As a role reversal, CDE programs can also be viewed as a different and lucrative career option for postgraduates who have a flair for teaching and can offer their services to ensure ongoing education of their fellow colleagues.

‘To update the clinical knowledge of dental graduates and practitioners’-
Keeping this in mind, the apex body of dental education in our country, the Dental Council of India (DCI) has recommended 100-150 CDE points over a period of 5 years to be collected by every dental graduate and practitioner, with a minimum of 20 points and a maximum of 50 points a year. These points are awarded to only those dental professionals who attend certain CDE lectures or conferences or workshops. They have been made mandatory for renewal of dental registration (although this part of the recommendation is not enforced in some of the states presently).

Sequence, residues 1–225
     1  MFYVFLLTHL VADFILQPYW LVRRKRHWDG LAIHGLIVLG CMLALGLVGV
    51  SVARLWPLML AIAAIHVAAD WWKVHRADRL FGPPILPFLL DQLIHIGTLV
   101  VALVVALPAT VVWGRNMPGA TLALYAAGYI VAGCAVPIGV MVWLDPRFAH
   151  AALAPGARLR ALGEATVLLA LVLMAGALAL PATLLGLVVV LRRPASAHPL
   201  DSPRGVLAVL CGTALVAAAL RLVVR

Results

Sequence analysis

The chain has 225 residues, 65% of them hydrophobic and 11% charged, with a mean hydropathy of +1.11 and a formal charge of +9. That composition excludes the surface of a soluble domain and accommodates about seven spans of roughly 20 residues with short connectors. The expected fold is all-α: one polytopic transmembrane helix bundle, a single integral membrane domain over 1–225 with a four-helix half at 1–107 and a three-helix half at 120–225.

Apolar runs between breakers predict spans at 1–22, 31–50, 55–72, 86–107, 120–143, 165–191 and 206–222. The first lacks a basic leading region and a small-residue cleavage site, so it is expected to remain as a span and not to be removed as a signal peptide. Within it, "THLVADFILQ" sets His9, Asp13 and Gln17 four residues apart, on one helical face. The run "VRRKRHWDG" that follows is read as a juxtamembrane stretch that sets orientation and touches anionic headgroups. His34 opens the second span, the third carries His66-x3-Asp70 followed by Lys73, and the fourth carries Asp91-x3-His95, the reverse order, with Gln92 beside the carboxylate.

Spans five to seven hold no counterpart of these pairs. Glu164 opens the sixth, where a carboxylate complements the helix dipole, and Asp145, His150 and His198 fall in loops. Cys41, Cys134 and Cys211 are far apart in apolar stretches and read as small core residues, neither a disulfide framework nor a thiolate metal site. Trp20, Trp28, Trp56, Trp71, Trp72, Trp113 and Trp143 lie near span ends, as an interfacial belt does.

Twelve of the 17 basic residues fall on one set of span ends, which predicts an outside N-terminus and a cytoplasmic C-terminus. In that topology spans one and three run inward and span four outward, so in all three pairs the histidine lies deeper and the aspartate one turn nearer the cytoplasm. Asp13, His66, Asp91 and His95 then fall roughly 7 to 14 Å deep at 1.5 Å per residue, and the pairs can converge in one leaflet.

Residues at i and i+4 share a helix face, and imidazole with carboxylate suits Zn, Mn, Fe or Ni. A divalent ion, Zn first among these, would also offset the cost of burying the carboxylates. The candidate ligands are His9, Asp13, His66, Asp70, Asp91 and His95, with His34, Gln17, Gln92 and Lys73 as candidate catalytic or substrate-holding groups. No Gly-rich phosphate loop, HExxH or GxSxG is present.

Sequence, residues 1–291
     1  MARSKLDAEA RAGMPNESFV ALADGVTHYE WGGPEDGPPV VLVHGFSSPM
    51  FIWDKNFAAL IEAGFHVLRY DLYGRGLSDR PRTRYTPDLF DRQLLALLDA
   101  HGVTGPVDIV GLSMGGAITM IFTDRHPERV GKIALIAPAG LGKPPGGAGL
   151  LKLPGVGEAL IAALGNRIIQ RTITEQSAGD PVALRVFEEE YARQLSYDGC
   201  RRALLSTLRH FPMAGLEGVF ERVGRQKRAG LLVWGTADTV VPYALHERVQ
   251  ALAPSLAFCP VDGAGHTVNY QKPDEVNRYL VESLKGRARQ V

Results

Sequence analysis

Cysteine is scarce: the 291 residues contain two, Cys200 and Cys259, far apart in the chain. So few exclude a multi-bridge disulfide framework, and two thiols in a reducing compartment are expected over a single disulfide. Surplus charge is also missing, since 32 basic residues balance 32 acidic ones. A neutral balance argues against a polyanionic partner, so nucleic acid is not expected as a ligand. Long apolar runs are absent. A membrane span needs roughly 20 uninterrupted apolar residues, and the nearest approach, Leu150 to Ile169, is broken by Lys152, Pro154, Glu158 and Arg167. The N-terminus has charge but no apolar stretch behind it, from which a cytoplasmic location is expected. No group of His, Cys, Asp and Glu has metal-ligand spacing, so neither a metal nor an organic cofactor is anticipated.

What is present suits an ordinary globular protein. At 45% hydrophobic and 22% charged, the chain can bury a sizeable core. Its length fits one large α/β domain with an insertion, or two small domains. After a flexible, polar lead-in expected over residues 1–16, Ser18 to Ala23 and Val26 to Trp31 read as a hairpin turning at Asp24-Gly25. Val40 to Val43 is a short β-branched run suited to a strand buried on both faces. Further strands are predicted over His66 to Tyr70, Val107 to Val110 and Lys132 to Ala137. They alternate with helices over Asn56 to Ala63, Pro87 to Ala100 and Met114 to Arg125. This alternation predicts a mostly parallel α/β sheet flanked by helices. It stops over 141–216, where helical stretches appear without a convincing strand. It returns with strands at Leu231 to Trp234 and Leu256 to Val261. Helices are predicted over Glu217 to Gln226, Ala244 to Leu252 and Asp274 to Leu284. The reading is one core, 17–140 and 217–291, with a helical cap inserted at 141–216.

However, this proposal also adds on to the responsibility of DCI to ensure that there is no breeding of corruption, no substandard quality of courses and no undue or unethical promotion of brands during the conduction of such programs. Dental professionals also need to be careful in selecting the courses to be done, especially courses making high claims in less duration.

‘To exercise the highest degree of care and improve treatment methods’-
We must not forget that it is not only dentists, but the entire general population whose lives are constantly evolving due to advancements in technology. There are hardly any ‘clean-slate’ patients who visit us – most of them are on the go with Google. They are aware of the problems and available recent treatment options due to the plethora of information accessible on the internet. We are catering to a demanding generation of well-read individuals. The good part is ample literature like dental journals, research papers, articles and videos are obtainable on the same internet medium, and it can be argued that imbibing knowledge through these can be equivalent to upgradation of education. But can we be assured of its authenticity and applicability to Indian population and subpopulation?